THE FIRST TELEGRAPH STATION, opened at Slough in 1843, was linked with Paddington Station. So great was the public interest in this invention that a fee of one shilling was charged for admission.

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Re: Isambard Kingdom Brunel

Post  eddie on Fri Jul 01, 2011 10:04 pm


CHESTER RAILWAY STATION in the early days of the G.W.R. This reproduction from an old print is an interesting illustration of the conditions of railway travel in 1860 and of the fashions of that period.

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Re: Isambard Kingdom Brunel

Post  eddie on Fri Jul 01, 2011 10:06 pm


THIRD CLASS TRAVELLING in the year 1854 was a trial of physical endurance. No cushions were provided and, since these coaches ran on four wheels only, the jolting added greatly to the passengers' discomfort.

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Re: Isambard Kingdom Brunel

Post  eddie on Fri Jul 01, 2011 10:07 pm


A FAMOUS GREAT WESTERN ENGINE, the "Vulcan," built in 1837, and entered as Locomotive No. 2 in the books of the Company. The "Vulcan" had a single pair of 8ft. driving wheels and two cylinders 14 in. diameter by 16 in. stroke.

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Re: Isambard Kingdom Brunel

Post  eddie on Fri Jul 01, 2011 10:10 pm


THE BROAD GAUGE "CENTAUR," built in 1841, was in service on the Great Western Railway until November, 1867. This engine had two 15 in. by 18 in. cylinders (later enlarged to 16 in. by 20 in.) driving a single pair of 7 ft. wheels.

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Re: Isambard Kingdom Brunel

Post  eddie on Fri Jul 01, 2011 10:12 pm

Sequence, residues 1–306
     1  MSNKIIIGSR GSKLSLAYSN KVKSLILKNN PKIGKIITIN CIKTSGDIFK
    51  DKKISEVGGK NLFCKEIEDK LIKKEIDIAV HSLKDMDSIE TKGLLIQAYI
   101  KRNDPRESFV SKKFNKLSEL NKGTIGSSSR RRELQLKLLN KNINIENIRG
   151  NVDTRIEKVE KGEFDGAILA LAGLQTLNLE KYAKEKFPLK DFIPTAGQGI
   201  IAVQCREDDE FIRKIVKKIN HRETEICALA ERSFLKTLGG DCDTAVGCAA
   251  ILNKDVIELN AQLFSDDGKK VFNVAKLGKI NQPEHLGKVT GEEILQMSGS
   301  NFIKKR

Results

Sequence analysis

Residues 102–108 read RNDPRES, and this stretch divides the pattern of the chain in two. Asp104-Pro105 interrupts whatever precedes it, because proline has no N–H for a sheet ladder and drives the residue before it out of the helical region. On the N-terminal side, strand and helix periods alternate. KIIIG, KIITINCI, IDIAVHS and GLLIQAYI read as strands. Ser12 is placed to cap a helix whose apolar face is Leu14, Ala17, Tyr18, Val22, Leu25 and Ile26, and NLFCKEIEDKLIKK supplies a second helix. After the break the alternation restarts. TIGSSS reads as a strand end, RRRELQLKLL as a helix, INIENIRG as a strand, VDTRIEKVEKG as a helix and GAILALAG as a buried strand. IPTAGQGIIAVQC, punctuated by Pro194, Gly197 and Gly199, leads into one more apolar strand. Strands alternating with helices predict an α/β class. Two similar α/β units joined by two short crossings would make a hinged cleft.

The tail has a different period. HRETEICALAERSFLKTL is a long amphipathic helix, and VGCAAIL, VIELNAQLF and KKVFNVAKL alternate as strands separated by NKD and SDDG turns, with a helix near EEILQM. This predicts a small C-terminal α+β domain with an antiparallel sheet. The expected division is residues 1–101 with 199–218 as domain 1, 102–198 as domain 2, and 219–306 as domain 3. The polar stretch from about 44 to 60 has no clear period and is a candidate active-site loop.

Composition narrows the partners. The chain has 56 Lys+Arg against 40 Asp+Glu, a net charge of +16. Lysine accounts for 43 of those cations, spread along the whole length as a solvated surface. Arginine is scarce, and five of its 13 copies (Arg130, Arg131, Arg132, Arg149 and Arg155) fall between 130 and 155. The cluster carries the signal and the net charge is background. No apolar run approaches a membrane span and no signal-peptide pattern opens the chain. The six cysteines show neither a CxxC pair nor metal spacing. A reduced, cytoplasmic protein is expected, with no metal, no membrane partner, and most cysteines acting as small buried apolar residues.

TRANSFER STATIONS were formerly very numerous on the Great Western Railway owing to the difference in gauges. Goods carried on sections of the line provided with standard (4 ft. 8-1/2 in.) track, were transferred to the wagons of the broad (7 ft. 0-1/4 in.) gauge where the two systems met. This caused considerable delay and expense until the abolition of the broad gauge in May, 1892.

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Re: Isambard Kingdom Brunel

Post  eddie on Fri Jul 01, 2011 10:13 pm


THE LAST BROAD GAUGE TRAIN about to leave Paddington at 10.15 a.m. on May 20, 1892. On Saturday, May 21, and Sunday, May 22, no fewer than 170 miles of track on the Great Western Railway were altered to the standard 4 ft. 8-1/2 in. gauge.

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Re: Isambard Kingdom Brunel

Post  eddie on Fri Jul 01, 2011 10:17 pm


THE VAST NETWORK of lines operated by the Great Western Railway links London with the Welsh coal-mines, the rich industrial cities of the Midlands, and many famous holiday resorts.


Map of the system c 1930.

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Re: Isambard Kingdom Brunel

Post  eddie on Fri Jul 01, 2011 10:25 pm


The Sonning cutting in 1846.

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Re: Isambard Kingdom Brunel

Post  eddie on Fri Jul 01, 2011 10:34 pm

Wiki:

Box Tunnel is a railway tunnel in Western England, between Bath and Chippenham, dug through Box Hill, and is one of the most significant structures on the Great Western Main Line. It was originally built for the Great Western Railway under the direction of the GWR's engineer Isambard Kingdom Brunel.

The tunnel is just under two miles (1.83 miles/3,212 yards/2,937 m) in length, straight, and descends a 1 in 100 gradient from the east. Construction started in 1836, and the tunnel opened in 1841. The lives of about 100 navvies (railway construction workers) were lost during construction. At the time of opening it was the longest railway tunnel in the world, though the Standedge Tunnel and several other canal tunnels were longer. The dramatic western portal, near Box, is designed in a grand classical style, while the eastern portal, at Corsham, has a more modest brick face with rusticated stone. When the two ends of the tunnel were joined underground there was found to be less than 2 inches (51 mm) error in their alignment.


West portal of the Box Hill Tunnel


East portal of the Box Hill Tunnel with the old quarry entrance visible on the right.